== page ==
America’s tryst with photography began around two decades before the Civil War. But the camera found its actual voice because of the societal and political construct of the late 19th-century War. The war, with its narratives, killed soldiers, battlefields, and wrath, was the central playground for a camera in America.
The Civil War saw the abolition of slavery and unification of the country and provided the citizens with a new meaning of individual freedom – with the events etched permanently on chemically coated glass plates.
The concept of photography came to America from France. But in virtually no time were the people of America laying their hands on prints and putting them in their family albums. There was a dire need to make advancements in technology and satiate society.
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The Evolution Of Photography
Beginning in 1840, photography documented many of the pivotal events in American history. Some of the signal events documented were the rapid expansion of San Francisco, the building of the transcontinental railroads, the Gold Rush, and the brutal Civil War battlefields.
Photography debuted in America in the fall of 1839. From then on, scientists and technicians wasted no time in shortening the exposure duration, giving the citizens of America a feel of portraits. Before the advancements, the camera could only click images of immobile objects.
The late 1850s saw the use of “wet-plate” negatives that empowered photographers to print any number of positive prints on paper from glass negatives. A cameraman could now produce a lot of copies for his customers.
The invention of the Kodak camera in 1888 paved the way for many amateur photographers to enter the market. It also made photography a very popular hobby.
The Essence Of War Pictures
There was an incredible boom in the demand for photographs during the Civil War. It was sought by both the Union and Confederate forces, as well as by regular Americans who wanted images of their loved ones and the actual war scenes.
Families were buying pictures of the slaughter, massacre, and battlefields on a mass scale, and putting them in their portrait albums. Families believed that by including photos of their siblings, sons, or husbands in an album, which would somehow contain their likenesses, they could prevent their deaths.
Portrait galleries were enjoying a thriving business. The exponential rate of deaths during that time was unnerving for society. Grieving families needed something to hold on to. Seeing their own photographs gave people a sense of their individuality.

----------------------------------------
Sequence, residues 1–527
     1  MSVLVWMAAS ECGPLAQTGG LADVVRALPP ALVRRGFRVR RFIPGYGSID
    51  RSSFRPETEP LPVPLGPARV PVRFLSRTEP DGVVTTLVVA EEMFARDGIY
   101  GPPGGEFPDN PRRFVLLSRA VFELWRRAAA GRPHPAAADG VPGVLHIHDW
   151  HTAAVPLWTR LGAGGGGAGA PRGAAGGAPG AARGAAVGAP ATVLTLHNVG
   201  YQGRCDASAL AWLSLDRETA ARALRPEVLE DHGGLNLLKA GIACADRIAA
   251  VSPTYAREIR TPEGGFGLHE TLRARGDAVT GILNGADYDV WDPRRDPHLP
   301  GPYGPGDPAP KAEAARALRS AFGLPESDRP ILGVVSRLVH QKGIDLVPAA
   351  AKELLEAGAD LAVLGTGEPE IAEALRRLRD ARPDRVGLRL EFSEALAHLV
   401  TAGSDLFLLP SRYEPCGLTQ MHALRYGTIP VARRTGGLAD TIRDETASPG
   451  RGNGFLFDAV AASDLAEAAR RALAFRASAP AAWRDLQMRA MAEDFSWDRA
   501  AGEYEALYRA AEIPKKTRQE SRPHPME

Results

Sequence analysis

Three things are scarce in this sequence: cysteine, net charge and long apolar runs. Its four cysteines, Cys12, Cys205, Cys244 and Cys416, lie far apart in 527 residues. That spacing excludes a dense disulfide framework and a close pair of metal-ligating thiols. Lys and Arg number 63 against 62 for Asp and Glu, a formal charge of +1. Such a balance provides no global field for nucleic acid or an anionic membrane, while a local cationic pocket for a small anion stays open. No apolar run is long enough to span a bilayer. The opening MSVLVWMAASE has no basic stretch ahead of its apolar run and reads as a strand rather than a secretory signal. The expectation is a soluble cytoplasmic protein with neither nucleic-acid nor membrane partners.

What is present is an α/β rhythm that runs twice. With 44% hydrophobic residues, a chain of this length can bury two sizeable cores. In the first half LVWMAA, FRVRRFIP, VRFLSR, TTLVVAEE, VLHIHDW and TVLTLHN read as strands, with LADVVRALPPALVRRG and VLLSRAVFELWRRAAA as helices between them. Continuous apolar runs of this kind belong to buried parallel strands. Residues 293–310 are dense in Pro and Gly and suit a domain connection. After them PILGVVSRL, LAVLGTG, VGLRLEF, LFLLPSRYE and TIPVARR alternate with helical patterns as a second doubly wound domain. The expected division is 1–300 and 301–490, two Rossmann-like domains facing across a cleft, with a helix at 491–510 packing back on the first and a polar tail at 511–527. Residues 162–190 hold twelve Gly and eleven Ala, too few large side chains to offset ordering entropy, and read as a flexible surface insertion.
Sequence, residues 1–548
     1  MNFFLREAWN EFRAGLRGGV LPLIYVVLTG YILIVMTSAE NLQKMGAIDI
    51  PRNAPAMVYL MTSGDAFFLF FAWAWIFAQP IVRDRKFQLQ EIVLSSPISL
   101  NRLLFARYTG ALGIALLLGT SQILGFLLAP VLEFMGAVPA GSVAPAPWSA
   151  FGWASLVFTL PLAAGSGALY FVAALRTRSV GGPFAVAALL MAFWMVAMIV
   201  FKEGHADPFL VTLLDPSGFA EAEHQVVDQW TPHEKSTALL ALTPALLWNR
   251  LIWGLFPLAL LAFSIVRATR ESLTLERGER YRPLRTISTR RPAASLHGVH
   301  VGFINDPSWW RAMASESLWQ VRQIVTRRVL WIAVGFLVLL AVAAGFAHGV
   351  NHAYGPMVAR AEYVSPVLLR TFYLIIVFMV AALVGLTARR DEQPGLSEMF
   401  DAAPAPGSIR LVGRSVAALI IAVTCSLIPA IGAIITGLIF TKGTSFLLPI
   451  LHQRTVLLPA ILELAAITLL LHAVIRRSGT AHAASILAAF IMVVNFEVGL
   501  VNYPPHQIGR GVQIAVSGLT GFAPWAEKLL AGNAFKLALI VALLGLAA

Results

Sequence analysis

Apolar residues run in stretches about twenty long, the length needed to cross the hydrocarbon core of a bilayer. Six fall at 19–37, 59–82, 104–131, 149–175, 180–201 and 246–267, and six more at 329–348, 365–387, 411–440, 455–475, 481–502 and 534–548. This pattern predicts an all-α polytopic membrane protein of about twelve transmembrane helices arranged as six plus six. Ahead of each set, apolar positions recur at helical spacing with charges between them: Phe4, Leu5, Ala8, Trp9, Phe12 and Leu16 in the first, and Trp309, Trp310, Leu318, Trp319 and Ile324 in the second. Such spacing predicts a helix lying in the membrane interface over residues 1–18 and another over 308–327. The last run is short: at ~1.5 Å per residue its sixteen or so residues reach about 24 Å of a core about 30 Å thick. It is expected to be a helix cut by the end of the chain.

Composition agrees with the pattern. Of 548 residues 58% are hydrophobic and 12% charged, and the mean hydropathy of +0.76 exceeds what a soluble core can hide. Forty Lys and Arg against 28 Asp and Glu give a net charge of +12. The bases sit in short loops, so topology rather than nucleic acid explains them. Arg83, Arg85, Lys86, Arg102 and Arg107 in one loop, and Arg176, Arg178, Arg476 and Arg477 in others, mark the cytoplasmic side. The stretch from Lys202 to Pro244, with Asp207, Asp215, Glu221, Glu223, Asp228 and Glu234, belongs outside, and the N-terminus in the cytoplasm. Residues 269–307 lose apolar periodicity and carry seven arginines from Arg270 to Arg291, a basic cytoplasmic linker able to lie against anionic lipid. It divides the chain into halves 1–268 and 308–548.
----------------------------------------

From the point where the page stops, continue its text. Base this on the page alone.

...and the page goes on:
The Birth Of Photo Journalism
Wars had been documented before, but none came close to the way the Civil War gained traction. The war birthed the first instances of photojournalism. When the war began, photographers started to head out to the countryside with their heavy pieces of equipment and gear. They wanted to bring the truth of a war–atrocities, blood, death, and loss– to the masses.
It was for the first time in history that the masses saw the devastation in the battlefields hundreds of miles away from their dwellings.
In addition to the war atrocities, photographs, along with articles and essays, were also important instruments of support to the abolitionist movement. Articles flashed the inhuman treatment that was being meted out to the slaves.
The “branded slave” picture of Wilson Chinn was one of the most circulated pictures of the abolitionist movement. The picture has the name of Mr. Wilson’s master branded on his forehead. The photograph also shows the range of torture instruments that were used by the masters on Mr. Wison.
Online portals like Road To The Civil War have been trying to bring American history to the masses, specifically to the students. The website documents events that led to the collapse of America in exhaustive collections of photos. Visitors can see, print, and even dig deep into each picture on their website.
The powerful photographs changed the public view of the war. The people who made war photography their careers understood the social obligations of their work and valued the power that came with the camera.
Historians say that photography changed the course of the Civil War in many ways. It helped war-stricken families have a keepsake memoir of their sons, father, and brothers who were away from home.
Photography also played a very big role in enhancing the political imagery of leaders like President Lincoln! He once famously joked that his re-election would not have been possible without his portrait clicked by photographer Matthew Brady.